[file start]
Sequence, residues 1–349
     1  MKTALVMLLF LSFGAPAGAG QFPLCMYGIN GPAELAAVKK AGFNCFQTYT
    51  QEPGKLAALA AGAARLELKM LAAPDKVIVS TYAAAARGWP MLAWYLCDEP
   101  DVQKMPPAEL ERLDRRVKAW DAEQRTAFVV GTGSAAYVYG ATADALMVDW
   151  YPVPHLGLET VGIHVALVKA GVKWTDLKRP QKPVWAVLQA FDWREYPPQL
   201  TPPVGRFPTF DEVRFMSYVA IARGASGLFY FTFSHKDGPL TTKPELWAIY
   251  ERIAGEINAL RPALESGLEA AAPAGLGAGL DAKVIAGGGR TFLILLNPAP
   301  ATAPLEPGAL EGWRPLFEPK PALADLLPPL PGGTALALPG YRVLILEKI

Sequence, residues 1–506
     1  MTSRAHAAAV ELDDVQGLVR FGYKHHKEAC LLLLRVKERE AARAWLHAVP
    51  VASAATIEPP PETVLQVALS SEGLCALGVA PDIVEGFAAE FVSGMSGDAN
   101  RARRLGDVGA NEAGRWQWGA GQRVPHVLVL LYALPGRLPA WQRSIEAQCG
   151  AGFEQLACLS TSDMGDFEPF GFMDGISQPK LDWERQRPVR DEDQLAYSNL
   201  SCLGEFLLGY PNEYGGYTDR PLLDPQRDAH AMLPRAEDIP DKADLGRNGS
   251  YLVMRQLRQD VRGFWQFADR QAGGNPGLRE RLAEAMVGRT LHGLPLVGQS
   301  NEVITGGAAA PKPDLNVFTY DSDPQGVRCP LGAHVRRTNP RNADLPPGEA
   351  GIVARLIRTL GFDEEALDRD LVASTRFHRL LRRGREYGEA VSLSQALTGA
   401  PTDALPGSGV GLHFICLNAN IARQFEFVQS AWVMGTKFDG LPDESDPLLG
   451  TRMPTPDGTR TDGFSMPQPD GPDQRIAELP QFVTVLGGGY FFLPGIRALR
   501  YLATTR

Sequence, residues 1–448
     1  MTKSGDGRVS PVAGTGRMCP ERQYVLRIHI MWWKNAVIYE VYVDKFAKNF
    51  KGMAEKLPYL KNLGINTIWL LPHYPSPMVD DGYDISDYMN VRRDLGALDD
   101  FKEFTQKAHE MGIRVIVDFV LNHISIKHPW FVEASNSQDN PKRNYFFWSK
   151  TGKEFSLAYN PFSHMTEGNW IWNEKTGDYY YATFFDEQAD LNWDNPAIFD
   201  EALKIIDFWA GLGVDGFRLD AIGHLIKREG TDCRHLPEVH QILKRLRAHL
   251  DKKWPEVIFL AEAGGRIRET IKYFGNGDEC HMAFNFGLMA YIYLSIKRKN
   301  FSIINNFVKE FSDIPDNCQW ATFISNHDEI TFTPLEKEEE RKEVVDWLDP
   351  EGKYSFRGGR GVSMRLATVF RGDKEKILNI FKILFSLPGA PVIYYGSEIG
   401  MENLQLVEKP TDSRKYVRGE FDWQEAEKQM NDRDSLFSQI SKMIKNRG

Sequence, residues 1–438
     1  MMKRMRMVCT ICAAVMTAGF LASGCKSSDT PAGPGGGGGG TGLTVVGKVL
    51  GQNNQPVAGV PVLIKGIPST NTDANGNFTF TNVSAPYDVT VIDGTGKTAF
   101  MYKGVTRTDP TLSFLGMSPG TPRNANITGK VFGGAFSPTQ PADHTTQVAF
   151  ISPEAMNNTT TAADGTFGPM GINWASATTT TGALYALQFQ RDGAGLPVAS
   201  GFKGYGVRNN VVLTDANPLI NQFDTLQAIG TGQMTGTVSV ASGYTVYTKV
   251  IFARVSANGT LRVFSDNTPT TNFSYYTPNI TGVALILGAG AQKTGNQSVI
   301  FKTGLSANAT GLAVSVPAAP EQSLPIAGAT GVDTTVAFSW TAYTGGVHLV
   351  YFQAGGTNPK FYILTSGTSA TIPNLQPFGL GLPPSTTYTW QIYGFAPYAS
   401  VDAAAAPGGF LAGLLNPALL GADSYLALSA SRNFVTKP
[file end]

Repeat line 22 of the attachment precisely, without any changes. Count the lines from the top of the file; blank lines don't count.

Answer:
     1  MTKSGDGRVS PVAGTGRMCP ERQYVLRIHI MWWKNAVIYE VYVDKFAKNF